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Symbolism in Fahrenheit 451 by Ray Bradbury Essay

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Ray Bradbury’s satire, Fahrenheit 451, is a novel full of symbols criticizing the modern world. Among those symbols appears The Hound. The Hound’s actions and even its shape are reflections of the society Bradbury has predicted to come.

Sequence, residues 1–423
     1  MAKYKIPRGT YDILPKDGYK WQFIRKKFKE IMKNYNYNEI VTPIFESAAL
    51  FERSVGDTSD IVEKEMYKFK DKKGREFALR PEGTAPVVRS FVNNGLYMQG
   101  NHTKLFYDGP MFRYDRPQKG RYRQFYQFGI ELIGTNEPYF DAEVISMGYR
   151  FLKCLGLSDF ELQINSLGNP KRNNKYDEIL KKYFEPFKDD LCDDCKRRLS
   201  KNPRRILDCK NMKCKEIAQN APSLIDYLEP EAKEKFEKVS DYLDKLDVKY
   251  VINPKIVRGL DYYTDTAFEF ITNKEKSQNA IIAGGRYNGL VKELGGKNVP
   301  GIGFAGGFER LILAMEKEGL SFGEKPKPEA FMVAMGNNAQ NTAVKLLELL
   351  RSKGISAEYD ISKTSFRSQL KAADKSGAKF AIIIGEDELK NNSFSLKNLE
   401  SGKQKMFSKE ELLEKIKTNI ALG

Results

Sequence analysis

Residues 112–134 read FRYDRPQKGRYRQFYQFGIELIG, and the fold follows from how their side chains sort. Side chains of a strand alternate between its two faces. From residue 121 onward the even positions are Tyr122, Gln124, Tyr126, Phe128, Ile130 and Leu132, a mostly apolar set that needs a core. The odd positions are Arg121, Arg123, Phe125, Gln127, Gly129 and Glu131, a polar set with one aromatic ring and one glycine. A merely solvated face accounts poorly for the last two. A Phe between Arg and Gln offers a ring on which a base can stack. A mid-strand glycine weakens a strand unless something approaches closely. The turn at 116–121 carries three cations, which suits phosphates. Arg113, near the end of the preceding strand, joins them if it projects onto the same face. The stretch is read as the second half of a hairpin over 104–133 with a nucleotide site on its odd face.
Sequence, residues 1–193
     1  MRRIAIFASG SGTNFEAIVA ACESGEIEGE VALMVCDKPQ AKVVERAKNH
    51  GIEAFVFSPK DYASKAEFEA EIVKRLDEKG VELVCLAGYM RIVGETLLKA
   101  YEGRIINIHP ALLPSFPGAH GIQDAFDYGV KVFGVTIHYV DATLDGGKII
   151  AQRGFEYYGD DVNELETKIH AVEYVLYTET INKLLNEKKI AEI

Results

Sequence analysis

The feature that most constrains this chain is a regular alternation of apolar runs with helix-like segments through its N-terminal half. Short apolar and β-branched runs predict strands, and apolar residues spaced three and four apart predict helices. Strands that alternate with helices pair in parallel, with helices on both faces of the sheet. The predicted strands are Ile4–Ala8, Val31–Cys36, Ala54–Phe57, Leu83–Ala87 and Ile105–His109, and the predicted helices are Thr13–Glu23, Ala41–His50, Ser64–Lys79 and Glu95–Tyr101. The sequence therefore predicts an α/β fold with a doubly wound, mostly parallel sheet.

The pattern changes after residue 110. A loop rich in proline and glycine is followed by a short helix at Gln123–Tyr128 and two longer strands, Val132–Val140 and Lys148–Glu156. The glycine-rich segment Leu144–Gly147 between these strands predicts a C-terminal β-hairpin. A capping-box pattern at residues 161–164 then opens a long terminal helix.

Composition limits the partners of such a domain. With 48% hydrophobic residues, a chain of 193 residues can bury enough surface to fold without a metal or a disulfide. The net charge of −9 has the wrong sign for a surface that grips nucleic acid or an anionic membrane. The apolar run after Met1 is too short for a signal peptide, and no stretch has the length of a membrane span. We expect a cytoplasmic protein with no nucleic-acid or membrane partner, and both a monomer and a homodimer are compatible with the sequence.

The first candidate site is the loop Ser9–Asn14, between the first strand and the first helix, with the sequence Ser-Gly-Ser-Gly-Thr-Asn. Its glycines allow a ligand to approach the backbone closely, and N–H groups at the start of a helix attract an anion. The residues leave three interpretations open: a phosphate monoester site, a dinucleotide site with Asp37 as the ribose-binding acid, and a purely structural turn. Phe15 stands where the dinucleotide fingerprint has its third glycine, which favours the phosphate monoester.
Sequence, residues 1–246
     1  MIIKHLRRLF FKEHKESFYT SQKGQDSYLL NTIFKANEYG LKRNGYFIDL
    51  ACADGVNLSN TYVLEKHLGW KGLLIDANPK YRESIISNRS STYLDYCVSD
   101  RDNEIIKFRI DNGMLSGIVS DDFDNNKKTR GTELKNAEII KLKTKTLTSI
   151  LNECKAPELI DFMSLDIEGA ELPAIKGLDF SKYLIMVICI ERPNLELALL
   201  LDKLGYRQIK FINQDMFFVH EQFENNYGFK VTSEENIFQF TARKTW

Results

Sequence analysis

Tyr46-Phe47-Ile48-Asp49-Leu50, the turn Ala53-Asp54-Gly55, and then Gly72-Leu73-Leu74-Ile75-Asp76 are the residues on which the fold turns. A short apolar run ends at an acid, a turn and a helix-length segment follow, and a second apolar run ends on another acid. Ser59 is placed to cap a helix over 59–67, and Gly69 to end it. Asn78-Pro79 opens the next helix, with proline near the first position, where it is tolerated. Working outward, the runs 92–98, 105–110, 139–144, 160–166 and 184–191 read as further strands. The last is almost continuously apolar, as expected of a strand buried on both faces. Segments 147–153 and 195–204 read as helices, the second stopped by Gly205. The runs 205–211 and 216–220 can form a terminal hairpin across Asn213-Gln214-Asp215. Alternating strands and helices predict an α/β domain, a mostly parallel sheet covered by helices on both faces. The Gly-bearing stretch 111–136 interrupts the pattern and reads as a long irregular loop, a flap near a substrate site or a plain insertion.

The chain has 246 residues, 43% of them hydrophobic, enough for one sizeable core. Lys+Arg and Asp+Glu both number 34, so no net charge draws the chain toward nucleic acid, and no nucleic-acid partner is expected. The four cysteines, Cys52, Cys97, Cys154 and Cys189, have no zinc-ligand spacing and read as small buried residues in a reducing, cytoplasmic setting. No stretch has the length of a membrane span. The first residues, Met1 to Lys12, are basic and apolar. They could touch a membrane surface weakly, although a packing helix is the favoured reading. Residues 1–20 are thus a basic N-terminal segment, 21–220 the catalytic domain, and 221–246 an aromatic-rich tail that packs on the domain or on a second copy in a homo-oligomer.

Montag’s world continues on without thought; without any real reason. There is no learning, no growth, and no purpose. “The Mechanical Hound slept but did not sleep, lived but did not live in its gently humming, gently vibrating, softly illuminated kennel back in the dark corner of the firehouse'; (24), wrote Bradbury to describe this hound. Like the hound, society was alive yet dead as well, drudging through life; mindless. The Hound was a programmed robot that didn’t thing on its own; that only acted as it was told. Captain Beatty states, “It just ‘functions’. It has a trajectory we decide on for it. It follows through. It targets itself, homes itself, and cuts off. Its only copper wire, storage batteries, and electricity'; (20), and “It doesn’t think anything we don’t want it to think'; (27). That society was programmed to not think, wonder or ask why. They didn’t do anything that they weren’t supposed to do. Today, everything is happening just as The Hound is controlled. Programming is happening in our very world. Take schools for example. Consider Pavlov’s experiment with ringing bells to provoke an automatic response in dogs. He rang a bell; the dogs salivated expecting food. The school board rings a bell, and students ris...


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